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The Optimism Bias – How Your Brain is Keeping You Alive in Crazy Times

If you’re familiar with the work of humorist and author Garrison Keillor, you’re probably familiar with his mythical creation, Lake Wobegon, “where all the women are strong, all the men are good-looking, and all the children are above-average.” It turns out that the residents of this little town aren’t the only ones who see the world through “rose-colored glasses.” When it comes to our personal lives and our local communities, we all do.

We are hard-wired for optimism

A Google search for “optimism” will almost immediately retrieve info on neuroscientist Tali Sharot. She studies  “The Optimism Bias.” Sharot and others have found evidence that our brains are hard-wired to make optimistic predictions about our futures, even when the hard facts before us would indicate the contrary.

Optimism persists, even in trying times

You might find this idea counter-intuitive, given all the crazy things that are happening in the world today. How could anyone be an optimist in the face of climate change, political instability, the rise of racism and a terrifying lack of critical thinking skills in our world leaders and their followers? It depends on the lens you use.

Economists Max Roser and Mohamed Nagdy have been studying the data, is what they see.

  • When asked about their predictions for the future of the economy as a whole, people tend to be fairly realistic, tracking their predictions with the current state of the economy.
  • When asked about their own economic future, people tend to be optimistic, regardless of the state of the economy.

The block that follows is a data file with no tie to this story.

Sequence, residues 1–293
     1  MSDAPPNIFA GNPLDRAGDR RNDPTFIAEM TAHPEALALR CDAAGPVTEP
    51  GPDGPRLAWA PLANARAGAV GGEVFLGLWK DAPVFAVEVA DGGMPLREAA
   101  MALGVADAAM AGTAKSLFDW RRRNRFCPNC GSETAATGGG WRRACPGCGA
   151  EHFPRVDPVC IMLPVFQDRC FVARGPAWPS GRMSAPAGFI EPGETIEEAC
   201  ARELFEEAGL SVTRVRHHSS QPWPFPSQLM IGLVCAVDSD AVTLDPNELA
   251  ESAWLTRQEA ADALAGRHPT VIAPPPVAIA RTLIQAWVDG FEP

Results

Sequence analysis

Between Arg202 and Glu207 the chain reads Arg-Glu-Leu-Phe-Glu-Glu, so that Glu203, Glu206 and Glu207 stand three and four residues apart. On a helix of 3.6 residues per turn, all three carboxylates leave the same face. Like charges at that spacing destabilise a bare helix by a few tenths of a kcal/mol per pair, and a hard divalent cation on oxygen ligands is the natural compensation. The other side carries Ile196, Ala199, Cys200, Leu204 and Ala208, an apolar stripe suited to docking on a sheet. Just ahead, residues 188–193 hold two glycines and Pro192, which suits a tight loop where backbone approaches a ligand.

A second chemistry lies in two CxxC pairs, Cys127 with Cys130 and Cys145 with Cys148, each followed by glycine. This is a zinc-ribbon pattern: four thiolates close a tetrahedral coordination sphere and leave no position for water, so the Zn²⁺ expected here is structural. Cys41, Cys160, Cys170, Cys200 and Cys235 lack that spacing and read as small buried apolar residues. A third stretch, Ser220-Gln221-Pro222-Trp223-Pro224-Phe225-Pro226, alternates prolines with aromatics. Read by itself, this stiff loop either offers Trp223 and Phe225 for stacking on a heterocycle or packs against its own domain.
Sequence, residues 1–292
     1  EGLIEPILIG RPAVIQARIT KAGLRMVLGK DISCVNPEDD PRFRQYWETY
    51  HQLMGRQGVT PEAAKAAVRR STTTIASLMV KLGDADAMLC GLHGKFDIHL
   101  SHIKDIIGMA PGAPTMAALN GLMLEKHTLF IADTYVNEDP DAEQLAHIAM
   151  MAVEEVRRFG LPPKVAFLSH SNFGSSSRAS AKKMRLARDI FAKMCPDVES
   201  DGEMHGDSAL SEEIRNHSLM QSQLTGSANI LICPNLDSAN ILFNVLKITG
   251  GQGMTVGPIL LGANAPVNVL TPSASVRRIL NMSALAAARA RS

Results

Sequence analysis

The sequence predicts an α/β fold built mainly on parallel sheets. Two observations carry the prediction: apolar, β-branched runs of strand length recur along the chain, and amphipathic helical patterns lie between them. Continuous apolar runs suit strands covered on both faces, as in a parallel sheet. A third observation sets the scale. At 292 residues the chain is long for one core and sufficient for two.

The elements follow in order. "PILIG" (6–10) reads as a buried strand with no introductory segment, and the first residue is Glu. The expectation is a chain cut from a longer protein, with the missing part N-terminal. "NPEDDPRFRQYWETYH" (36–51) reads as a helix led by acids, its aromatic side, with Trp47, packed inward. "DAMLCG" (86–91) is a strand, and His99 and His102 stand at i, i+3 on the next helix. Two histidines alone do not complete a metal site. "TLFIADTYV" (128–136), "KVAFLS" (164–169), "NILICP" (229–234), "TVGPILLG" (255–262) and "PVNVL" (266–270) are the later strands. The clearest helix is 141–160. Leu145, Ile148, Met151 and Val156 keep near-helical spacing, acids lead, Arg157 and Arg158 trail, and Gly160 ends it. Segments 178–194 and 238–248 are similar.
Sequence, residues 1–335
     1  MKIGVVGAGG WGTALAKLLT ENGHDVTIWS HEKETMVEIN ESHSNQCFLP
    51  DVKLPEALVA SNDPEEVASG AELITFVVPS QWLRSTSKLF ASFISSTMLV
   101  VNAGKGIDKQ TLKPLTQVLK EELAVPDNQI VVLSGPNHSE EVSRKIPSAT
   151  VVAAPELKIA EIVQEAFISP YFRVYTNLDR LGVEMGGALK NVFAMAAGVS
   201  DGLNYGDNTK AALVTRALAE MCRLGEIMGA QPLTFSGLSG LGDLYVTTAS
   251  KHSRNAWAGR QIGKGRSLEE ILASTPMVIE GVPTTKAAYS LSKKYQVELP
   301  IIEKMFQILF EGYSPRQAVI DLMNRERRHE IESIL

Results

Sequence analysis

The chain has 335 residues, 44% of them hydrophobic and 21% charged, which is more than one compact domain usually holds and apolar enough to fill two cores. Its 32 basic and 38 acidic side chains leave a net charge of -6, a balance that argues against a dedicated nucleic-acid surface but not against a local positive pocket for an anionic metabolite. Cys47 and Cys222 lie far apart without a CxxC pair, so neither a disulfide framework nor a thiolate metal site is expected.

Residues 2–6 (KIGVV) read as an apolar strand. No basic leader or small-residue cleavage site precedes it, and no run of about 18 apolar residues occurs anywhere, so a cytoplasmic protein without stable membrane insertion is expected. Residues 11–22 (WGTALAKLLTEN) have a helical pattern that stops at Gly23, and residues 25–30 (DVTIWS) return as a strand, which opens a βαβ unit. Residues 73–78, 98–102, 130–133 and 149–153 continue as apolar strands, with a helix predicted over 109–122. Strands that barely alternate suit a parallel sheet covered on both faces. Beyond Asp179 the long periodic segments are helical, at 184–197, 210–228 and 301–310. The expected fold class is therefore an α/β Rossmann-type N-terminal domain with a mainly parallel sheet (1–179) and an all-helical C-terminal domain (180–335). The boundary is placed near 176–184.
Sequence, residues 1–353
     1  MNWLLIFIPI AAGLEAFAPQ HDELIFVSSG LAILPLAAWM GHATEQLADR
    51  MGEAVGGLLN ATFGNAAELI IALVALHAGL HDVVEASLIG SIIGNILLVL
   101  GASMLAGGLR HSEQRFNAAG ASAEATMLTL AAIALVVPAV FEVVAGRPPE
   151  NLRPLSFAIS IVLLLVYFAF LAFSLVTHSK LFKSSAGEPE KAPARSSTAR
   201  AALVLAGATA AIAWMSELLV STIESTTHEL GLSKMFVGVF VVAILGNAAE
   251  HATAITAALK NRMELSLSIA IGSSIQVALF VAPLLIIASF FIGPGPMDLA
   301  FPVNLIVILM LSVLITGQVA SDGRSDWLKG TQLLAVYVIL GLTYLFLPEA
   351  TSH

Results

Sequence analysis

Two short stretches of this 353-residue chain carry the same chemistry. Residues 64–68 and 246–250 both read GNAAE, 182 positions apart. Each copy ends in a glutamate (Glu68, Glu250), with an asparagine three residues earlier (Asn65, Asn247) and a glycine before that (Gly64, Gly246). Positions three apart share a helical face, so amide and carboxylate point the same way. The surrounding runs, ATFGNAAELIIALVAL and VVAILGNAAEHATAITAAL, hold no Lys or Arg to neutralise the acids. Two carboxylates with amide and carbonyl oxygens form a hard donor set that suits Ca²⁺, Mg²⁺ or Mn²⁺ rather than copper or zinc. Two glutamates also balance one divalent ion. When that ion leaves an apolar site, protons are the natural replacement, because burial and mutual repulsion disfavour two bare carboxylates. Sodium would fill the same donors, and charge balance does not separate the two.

Source: European Union Commission on Public Opinion

Your brain on optimism

Thanks to neuroimaging, scientists have identified the source of optimism, the caudate nucleus. This cluster of nerve cells that tells the rest of the brain when something good is about to happen. Remember Pavlov’s dogs? He expected his subjects to begin salivating at the sight of dinner, but he learned that the response starts even sooner. The dogs came to recognize the sound of the footsteps made by the person coming to feed them. Their brains had been wired to expect a very pleasurable event (dinner time). When these cells are communicating with other parts of the brain, we start to envision a positive future event.

Does optimism improve health or performance?

Most studies indicate that having a positive outlook on life correlates with better health and greater achievement in life. For example, college students whose thoughts were “seeded” with positive descriptions of their own abilities performed better on tests than those were given negative images of their own performance. Or consider a recent article called “The Price of Pessimism,” in which Men’s Health magazine listed multiple medical issues that can be caused or exacerbated by chronic pessimism—or minimized through optimism. Dr. Carol Dweck has studied thousands of subjects and identified the power of what she calls The Growth Mindset to influence performance.